All kidding aside, there are actually folks out there that want to deter the little guys as opposed to attract them with corn cobs and love, and the suggestions in the article are far more humane than that awful Rodenator Pro we learned about a few months back, so I suppose I should post a few.
Christopher Soloman for MSN writes:
An ounce of prevention
The best way to keep squirrels away is to thwart them in the first place. There are several effective ways to do this:
- Cut back: “Squirrels can climb wood siding or brick siding pretty effectively, but the most common thing they’ll climb is tree limbs,” McNeely says. So a good rule of thumb is to cut branches until they’re six feet away from a home’s roof lines – too far for most (nondaredevil) squirrels to leap.
- Collar that tree: Stop squirrels from climbing trees or even power poles by wrapping them with a 2-foot-wide collar of metal, six feet off the ground, says the University of California: “Attach metal using encircling wires held together with springs to allow for tree growth.”
- Trip up tightrope-walking rodents: Wildlife expert Jackson says you can stop squirrels from running along electrical wires by installing 2-foot sections of lightweight, 2- to 3-inch diameter plastic pipe. Slit the pipe lengthwise, spread it open and place it over the wire. Since this outer pipe fits only loosely, it spins on the wire, and squirrels can’t cross it.
- Fix that feeder: If the home’s birdfeeder is the attraction, put an end to that by buying one of several varieties of squirrel-proof feeders. Or, give the squirrels something else to target: Nail up a corncob farther away, Jackson suggests.
- Block ’em out: You need to seal out the varmints so they won’t waltz back inside. How? “Areas of concern should be covered with metal flashing, or quarter-inch mesh or even half-inch mesh,” McNeely says. Extend the patch several inches beyond the hole in all directions to stop the squirrel from gnawing around it.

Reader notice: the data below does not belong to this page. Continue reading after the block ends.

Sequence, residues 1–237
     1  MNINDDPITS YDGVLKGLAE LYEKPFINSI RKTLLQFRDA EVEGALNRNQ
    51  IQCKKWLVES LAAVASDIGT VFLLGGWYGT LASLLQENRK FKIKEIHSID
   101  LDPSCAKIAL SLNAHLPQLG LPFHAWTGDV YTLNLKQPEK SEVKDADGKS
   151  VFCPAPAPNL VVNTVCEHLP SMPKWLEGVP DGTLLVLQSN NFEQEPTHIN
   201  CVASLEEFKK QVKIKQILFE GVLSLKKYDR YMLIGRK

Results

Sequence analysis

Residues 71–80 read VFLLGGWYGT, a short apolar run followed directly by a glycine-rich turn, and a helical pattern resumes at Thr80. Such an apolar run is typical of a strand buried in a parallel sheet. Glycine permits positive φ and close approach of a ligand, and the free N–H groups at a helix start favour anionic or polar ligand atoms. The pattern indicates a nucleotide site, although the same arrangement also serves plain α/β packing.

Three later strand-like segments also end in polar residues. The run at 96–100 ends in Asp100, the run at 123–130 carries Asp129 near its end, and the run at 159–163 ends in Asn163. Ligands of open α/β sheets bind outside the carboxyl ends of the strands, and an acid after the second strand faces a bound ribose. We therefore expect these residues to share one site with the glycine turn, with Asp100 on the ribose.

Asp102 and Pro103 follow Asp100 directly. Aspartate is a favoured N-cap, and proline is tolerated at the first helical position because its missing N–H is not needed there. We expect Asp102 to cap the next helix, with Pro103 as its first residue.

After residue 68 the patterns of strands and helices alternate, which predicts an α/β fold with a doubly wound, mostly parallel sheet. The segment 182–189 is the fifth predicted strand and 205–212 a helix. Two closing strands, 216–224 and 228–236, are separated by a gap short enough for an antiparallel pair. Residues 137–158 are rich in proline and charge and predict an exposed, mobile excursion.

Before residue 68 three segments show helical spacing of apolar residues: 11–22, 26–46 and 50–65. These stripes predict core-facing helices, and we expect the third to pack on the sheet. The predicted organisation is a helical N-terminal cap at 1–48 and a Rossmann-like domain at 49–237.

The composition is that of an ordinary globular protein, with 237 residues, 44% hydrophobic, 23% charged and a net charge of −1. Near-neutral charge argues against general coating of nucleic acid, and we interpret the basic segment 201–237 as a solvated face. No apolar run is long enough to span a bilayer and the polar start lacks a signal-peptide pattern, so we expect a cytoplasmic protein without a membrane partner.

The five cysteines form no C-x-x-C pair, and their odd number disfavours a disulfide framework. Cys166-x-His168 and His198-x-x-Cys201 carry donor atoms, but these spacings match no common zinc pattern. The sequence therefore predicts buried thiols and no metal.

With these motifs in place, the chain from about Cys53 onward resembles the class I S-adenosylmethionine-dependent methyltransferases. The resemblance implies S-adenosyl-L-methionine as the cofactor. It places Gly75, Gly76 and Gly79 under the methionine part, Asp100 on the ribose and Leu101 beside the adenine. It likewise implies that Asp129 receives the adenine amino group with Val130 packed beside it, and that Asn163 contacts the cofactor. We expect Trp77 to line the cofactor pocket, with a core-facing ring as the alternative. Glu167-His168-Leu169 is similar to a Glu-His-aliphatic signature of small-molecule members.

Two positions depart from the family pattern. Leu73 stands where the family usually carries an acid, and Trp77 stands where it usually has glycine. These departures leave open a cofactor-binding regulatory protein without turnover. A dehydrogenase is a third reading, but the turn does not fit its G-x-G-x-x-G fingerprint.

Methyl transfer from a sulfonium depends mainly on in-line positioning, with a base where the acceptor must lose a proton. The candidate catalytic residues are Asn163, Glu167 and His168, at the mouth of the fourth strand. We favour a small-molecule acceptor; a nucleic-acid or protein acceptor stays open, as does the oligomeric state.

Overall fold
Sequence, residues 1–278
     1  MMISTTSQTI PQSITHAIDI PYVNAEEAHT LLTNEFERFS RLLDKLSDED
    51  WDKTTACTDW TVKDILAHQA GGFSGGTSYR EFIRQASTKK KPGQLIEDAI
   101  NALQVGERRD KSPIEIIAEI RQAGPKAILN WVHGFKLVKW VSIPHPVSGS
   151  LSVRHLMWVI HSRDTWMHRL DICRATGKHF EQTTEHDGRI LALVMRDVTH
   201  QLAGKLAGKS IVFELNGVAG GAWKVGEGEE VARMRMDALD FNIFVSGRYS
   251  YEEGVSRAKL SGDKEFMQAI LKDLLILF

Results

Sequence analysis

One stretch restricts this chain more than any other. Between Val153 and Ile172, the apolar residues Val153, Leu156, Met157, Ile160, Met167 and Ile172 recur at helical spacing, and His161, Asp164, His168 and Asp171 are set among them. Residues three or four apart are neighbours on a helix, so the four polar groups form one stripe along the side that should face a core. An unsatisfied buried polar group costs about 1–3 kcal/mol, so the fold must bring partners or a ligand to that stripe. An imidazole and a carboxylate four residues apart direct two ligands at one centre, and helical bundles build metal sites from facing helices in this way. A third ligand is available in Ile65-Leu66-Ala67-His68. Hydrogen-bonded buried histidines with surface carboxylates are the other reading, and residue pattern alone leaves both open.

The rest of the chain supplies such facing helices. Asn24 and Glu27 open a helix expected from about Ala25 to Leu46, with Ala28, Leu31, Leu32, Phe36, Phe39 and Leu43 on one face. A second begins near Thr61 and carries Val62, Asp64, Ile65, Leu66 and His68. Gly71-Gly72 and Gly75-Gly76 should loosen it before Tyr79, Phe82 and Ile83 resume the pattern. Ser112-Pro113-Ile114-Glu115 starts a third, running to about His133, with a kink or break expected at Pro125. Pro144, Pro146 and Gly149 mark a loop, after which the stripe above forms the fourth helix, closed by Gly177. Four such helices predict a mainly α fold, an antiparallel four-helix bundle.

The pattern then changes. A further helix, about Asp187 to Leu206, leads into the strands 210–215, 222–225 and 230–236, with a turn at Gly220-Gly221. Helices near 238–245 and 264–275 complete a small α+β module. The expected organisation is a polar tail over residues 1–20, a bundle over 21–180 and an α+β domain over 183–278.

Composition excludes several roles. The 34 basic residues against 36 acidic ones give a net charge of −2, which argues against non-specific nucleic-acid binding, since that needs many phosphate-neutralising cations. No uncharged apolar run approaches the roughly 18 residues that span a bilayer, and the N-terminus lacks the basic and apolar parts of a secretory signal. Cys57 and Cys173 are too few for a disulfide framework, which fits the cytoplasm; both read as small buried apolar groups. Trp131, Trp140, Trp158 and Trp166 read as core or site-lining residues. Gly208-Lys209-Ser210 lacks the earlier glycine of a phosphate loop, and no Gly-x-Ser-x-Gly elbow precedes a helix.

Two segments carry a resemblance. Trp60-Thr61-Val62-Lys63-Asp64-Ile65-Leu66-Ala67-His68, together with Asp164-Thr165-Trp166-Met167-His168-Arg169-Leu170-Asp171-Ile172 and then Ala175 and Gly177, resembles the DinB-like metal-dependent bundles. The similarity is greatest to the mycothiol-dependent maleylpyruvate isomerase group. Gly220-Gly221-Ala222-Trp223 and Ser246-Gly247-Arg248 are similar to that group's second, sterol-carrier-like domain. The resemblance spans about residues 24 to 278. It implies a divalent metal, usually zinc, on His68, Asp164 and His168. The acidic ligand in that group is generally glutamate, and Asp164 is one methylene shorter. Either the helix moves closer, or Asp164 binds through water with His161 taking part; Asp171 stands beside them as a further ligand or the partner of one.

Caution: “One should always make sure that the squirrels are not present before sealing a hole,” he says. Translation: Don’t accidentally block them inside! Here’s how to make sure you don’t: Ball up a newspaper. Put it in the hole the squirrels have been using. Now wait, probably two days. If the newspaper remains intact, McNeely says, you can be more certain the squirrels are outside. Now seal up the hole.
People badly want to believe in a magic bullet – or make that a stinky bullet – some product that drives away squirrels because it smells bad, tastes bad or imparts fear.
- Hot sauce: There are products on the market that use capsaicin, the “hot” ingredient in pepper, to discourage squirrels from gnawing, for example. But the experts are skeptical about the effectiveness. “That may have some effect,” Jackson says of a pepper-based spray.
- Sticky stuff: Products that contain polybutenes, or sticky materials that can be applied to buildings, railings, downspouts and other areas to prevent squirrels from climbing, may also be effective because animals don’t like to walk on them. But it’s not exactly desirable to have strips all around your house like a sticky moat.
- Mothballs: The University of California says that napthalene (mothballs) used at a rate of five pounds per 2,000 cubic feet of air space may temporarily discourage squirrels from entering attics and other enclosed spaces. However, the smell of mothballs also can irritate humans, and some experts don’t advise this.